Science has already established that a mother’s actions, attitude and mood during pregnancy have a profound affect on the development of her baby. From the Talmud we learn that this applies to spiritual matters as well.
It is thus vital that during pregnancy the mother increase her observance of Torah and Mitzvot, especially increasing in good deeds such as giving charity, saying Psalms and infusing her environment with a genuine Jewish spirit. This can also include improving upon the Mitzvot she already observes.
It has been traditionally accepted that one should not publicize a pregnancy until the beginning of the fifth month. (This does not apply to very close relatives, and with proper discretion). Likewise, some who have the custom to request a blessing of a Sage or Tzaddik, such as a Rebbe, customarily wait until the end of the first trimester before mentioning the pregnancy.
While nature takes its course in the development of the newborn, we do our part by praying to God for a healthy, easy pregnancy and delivery. There are traditionally three mitzvot that Jewish women emphasize during pregnancy:
Charity: It is customary for the expectant mother to place a few extra coins in a Tzedakah box (charity box) each morning (except on Shabbat and Jewish Holidays). It is also customary to give charity prior to lighting the Shabbat and Holiday candles.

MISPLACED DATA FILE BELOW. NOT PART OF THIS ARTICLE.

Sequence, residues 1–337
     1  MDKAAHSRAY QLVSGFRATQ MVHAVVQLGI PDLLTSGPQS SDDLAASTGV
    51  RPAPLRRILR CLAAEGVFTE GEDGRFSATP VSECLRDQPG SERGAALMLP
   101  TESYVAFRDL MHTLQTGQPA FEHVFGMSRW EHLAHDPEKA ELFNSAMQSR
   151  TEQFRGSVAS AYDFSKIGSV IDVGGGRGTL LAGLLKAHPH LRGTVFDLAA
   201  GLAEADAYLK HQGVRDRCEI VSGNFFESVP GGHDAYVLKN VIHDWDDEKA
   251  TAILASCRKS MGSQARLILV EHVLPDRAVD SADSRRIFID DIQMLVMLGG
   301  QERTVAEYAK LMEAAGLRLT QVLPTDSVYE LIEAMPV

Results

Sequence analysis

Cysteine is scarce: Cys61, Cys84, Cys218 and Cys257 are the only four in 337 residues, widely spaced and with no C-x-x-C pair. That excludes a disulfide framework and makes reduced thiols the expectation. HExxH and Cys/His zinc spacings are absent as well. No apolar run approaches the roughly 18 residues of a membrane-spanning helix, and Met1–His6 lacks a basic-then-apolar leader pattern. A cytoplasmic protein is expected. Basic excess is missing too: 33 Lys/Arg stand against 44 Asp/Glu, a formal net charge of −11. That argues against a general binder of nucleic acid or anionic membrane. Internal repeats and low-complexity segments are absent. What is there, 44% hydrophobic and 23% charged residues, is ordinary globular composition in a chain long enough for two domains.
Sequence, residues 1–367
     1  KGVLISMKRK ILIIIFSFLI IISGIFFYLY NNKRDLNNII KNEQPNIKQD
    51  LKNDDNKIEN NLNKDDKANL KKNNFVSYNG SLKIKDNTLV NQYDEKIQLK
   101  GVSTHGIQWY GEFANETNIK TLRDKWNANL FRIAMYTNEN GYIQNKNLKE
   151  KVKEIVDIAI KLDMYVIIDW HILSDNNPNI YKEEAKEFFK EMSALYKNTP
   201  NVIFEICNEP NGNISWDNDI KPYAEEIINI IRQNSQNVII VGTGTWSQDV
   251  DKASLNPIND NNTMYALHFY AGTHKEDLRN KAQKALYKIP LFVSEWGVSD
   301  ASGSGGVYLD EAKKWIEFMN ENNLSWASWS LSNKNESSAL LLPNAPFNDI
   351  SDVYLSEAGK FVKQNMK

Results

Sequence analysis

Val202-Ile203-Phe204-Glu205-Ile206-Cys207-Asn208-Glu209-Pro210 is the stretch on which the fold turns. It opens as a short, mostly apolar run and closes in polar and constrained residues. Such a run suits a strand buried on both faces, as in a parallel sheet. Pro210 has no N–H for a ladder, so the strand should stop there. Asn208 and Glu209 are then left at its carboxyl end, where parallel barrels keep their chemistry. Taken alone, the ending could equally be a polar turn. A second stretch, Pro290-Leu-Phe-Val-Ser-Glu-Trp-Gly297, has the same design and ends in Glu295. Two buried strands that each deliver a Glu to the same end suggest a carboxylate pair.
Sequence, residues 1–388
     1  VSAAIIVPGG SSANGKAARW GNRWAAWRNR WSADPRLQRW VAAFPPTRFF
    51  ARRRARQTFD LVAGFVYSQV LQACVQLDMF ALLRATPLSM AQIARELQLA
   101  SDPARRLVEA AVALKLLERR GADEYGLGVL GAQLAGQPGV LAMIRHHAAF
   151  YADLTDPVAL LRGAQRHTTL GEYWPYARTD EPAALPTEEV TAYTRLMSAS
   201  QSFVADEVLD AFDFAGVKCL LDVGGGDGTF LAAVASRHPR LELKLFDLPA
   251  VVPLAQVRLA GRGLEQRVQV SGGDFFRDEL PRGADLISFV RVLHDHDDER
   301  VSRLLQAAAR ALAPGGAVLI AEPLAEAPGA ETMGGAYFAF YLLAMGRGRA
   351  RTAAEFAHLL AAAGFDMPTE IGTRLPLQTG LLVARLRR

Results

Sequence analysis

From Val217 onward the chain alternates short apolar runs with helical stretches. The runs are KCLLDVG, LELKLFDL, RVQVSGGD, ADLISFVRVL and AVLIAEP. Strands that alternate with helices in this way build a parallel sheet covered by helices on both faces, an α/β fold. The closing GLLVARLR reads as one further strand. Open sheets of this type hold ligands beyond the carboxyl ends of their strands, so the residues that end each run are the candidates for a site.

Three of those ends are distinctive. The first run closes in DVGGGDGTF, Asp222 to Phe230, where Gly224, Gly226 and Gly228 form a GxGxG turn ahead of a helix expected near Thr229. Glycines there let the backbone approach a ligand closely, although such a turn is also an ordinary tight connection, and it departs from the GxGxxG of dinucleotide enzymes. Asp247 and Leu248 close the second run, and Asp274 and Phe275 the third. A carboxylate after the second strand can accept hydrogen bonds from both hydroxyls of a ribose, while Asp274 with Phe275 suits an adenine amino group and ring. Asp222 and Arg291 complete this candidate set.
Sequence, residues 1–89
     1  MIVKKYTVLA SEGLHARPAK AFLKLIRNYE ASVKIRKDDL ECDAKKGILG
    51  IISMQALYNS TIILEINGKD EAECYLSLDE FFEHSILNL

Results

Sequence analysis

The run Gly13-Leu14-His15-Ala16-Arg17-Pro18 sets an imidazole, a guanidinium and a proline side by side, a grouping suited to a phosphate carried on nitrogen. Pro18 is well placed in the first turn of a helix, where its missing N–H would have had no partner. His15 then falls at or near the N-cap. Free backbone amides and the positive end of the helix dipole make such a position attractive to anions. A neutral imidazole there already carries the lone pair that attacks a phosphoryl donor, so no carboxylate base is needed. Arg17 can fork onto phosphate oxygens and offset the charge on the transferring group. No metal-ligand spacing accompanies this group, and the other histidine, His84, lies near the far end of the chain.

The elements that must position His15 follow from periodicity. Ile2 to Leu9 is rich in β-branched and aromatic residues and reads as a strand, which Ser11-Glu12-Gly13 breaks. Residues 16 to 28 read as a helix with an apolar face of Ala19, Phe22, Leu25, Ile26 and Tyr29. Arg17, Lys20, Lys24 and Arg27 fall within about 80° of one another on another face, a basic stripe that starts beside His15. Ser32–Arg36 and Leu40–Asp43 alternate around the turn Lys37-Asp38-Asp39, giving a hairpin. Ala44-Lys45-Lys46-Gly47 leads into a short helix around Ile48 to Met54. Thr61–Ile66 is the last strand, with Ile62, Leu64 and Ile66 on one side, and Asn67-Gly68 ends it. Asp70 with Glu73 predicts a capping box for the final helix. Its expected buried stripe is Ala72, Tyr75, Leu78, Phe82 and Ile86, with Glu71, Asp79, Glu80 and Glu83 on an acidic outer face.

Mezuzah: Having the mezuzah of the home inspected by a certified Scribe to ensure that they are kosher. (The ink on the parchment tends to fade with time, rendering the mezuzah unfit.)
Saving Psalms: In addition to daily prayers, Jewish women (and their husbands) recite additional Psalms each day during the pregnancy, especially chapter 20.
Shir Ha-Maalot – Psalm 121
According to Kabbalah, it is customary to have a copy of Psalm 121 in the delivery room during labor and at the time of birth. These holy passages arouse God’s mercy for an easy birth and delivery.
Another reason given for this custom is that in this way a child’s Jewish education begins at birth. The first images the child is surrounded with are Jewish holy objects. Later, these holy verses are placed within the baby’s crib (in a safe manner), on the doorway to the baby’s bedroom, and on the front door of the home.
Beautiful posters and artwork incorporating Jewish themes are available at Judaic stores or online. One can keep this in mind when decorating the nursery.
It is customary for the husband to recite the following chapters of Psalms during the delivery, as they are especially propitious for this occasion. 1, 2, 3, 4, 20, 21, 22, 23, 24, 33, 47, 72, 86, 90, 91, 92, 93, 104, 112, and 113-150.
A Solid Beginning
The first moments, hours, and days of the baby’s life are likened to that of a newly planted tree, where the initial care sets the tone for its future growth and well-being. Thus, the holy environment that the child enters into establishes a solid spiritual beginning, which serves as a firm foundation throughout his or her life.